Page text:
Trust is a critical issue in any relationship, particularly in business. In the logistics industry, shippers have to be able to trust their transportation providers and be confident deliveries will arrive when needed. What’s more, consumers need to trust retailers and feel confident they will get the right products at the right time.
Joe Carlier, senior vice president of global sales for Penske Logistics, said visibility within the supply chain and the ability to track goods from the point of origin to the final delivery is giving shippers and consumers alike the assurance they desire.
The ability to provide visibility starts with the right technology. “A 3PL today has to be committed to investing in technology. At Penske Logistics, our focus today and for the future is to have the latest and greatest in technology,” Carlier said.
The supply chain space continues to get more complex and is changing rapidly, particularly as new technologies are deployed. Penske developed its ClearChain® Technology Suite to meet the demands of today’s customers. The suite of technology gives users the ability to track and trace products, minimize disruptions and collect and analyze data. Penske not only generates and provides data to customers, but also can integrate into its customers’ systems.
As the amount of data available increases, shippers and their logistics partners will need to be able to take the information and make it relevant. “Once you’ve turned data into information, you can turn that into knowledge. You take into consideration not just transportation of goods but inventory levels. You can be predictive, understanding well in advance consumer needs or challenges that occur in the supply chain,” Carlier said.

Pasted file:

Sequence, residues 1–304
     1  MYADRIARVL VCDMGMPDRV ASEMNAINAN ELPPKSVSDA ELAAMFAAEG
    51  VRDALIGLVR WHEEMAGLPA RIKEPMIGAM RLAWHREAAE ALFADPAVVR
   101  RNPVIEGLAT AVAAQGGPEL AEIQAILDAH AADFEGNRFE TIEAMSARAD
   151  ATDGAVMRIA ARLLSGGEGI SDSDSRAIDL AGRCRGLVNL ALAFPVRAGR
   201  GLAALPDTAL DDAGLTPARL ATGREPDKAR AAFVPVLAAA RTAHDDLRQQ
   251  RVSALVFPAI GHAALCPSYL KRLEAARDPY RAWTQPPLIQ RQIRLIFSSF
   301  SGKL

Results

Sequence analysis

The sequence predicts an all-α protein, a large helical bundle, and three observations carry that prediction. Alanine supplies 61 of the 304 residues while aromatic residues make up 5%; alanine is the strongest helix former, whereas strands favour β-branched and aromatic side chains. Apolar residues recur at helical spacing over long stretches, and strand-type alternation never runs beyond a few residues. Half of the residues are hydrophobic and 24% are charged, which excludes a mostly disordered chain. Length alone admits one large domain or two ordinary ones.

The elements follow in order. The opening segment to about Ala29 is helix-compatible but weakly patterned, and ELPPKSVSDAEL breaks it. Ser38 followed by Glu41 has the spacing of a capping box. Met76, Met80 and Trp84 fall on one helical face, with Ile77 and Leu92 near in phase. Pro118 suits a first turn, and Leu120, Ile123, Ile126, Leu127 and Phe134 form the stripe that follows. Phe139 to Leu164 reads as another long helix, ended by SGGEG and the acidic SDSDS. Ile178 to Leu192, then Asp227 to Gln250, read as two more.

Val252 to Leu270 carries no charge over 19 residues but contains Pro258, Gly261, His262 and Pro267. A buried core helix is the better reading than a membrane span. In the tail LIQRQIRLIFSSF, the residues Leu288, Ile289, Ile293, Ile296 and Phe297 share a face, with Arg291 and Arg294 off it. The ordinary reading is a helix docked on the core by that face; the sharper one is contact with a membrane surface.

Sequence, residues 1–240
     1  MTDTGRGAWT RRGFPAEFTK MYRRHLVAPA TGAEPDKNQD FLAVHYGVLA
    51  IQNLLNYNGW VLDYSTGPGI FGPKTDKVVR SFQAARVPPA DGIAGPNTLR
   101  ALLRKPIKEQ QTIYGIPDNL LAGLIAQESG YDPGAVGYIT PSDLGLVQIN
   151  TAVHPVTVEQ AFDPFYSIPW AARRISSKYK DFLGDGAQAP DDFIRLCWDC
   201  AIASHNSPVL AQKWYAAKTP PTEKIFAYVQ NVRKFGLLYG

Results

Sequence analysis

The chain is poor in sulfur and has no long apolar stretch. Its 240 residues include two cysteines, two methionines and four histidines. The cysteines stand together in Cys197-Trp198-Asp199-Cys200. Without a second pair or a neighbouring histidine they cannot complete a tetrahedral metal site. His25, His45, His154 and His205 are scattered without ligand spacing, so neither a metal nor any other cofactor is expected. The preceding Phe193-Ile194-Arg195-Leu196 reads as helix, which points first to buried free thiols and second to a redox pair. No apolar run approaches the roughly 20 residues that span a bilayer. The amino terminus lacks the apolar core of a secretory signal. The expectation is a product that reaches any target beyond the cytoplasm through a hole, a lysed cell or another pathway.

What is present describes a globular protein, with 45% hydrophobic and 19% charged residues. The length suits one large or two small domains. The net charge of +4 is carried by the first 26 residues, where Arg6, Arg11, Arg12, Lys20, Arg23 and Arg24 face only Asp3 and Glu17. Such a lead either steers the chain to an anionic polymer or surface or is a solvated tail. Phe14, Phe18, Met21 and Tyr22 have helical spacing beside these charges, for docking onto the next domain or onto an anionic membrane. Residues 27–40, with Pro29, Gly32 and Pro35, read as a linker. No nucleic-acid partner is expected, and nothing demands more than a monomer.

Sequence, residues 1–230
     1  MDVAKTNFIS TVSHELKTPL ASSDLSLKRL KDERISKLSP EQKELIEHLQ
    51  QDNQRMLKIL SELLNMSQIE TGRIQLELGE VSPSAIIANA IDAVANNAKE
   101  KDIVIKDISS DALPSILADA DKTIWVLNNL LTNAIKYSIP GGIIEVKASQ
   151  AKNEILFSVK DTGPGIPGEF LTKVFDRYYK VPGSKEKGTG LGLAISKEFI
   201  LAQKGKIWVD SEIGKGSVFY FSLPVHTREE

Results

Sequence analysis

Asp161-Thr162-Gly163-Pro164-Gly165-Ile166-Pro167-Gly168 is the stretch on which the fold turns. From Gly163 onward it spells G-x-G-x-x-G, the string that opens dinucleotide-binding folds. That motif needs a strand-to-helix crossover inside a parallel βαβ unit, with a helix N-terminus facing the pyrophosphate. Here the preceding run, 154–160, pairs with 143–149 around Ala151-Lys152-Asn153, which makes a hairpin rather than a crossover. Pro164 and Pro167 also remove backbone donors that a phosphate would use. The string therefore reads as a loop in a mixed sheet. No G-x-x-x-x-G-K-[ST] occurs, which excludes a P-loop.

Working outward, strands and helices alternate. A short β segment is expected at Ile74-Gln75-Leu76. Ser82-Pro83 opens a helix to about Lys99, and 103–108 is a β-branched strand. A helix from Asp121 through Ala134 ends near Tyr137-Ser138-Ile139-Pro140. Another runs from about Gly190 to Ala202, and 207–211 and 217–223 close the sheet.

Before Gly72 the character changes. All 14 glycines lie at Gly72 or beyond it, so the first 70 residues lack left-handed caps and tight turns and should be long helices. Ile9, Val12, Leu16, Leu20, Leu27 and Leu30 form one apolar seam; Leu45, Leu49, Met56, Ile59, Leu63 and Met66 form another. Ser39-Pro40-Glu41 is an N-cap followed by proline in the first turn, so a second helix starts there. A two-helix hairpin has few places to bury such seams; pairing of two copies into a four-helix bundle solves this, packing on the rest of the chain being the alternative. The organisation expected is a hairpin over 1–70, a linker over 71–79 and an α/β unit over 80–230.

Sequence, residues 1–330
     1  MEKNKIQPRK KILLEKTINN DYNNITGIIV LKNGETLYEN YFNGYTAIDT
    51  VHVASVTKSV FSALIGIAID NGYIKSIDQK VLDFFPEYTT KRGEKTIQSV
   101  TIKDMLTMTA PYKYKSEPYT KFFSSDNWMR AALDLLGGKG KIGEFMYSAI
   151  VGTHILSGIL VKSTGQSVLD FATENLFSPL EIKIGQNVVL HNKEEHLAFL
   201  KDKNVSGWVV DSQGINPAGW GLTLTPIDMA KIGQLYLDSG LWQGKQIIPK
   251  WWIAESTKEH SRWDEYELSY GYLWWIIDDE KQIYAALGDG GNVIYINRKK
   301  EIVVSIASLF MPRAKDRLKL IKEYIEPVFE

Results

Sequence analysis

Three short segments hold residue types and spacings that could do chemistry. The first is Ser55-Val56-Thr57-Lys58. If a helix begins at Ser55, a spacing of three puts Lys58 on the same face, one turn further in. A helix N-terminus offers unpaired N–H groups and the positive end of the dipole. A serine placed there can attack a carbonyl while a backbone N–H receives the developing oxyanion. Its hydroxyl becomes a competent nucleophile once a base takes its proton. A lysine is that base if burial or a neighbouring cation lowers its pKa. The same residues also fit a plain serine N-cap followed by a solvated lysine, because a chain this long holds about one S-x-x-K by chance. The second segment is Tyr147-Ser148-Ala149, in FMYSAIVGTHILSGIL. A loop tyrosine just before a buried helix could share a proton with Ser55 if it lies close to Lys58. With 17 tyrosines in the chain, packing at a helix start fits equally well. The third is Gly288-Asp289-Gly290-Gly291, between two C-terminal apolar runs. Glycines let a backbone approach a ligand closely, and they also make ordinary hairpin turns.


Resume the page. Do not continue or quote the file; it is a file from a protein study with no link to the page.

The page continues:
Consumer demands continue to change and the ability to provide trust will take on greater significance as e-commerce grows. “The younger generations are purchasing the majority of their goods online and the options to procure sources continue to grow,” Carlier said. “The millennial group is tech savvy. They’re going to demand validation and authentication that they’re buying something genuine.”
The ability to validate a product’s source can help eliminate concern over counterfeit products. “I’ve experienced purchasing something off the internet that I thought was the actual product but it was counterfeit,” Carlier said. “It was resolved, but who has that responsibility to ensure what you’re acquiring is the real thing? That one experience really changed my own purchasing behaviors online.”
What’s more, consumer awareness continues to increase, and consumers want to know their products are safe and ethically sourced. “There are so many causes people care about,” Carlier said.
Visibility can also improve safety, which is important in certain segments. “We’ve all read articles on fake medicines working their way into the supply chain,” Carlier said.
Knowing where products are in the supply chain allows shippers and logistics providers to quickly locate products in the event of a recall, which is especially important in the food and beverage industry. “Being able to track from farm to fork can improve the supply chain and establish trust,” Carlier said.
Shippers are going to have to provide that technology to earn the consumers’ trust, but they can also gain incredible efficiencies by reviewing the data the technology collects. “Having all of the data, visibility and transparency creates a lot of opportunity to identify synergies within the supply chain. Your modeling is much broader,” Carlier said.
That could drive down costs for transportation and inventory levels while also creating a much more efficient, effective supply chain.
Increased visibility and transparency ultimately will be a requirement, not a “nice to have,” Carlier said. “Consumers are going to demand it, that in itself should be enough for shippers to make the investment,” he said.
Joe Carlier is senior vice president of global sales, where he is responsible for global sales and business development for the company's offices located in North America, South America, Europe and Asia. Before assuming his current role, Carlier was vice president of sales for Penske's Central region for six years. Carlier is a member of the Council of Supply Chain Management Professionals (CSCMP) and a host of local and regional supply chain business affiliations.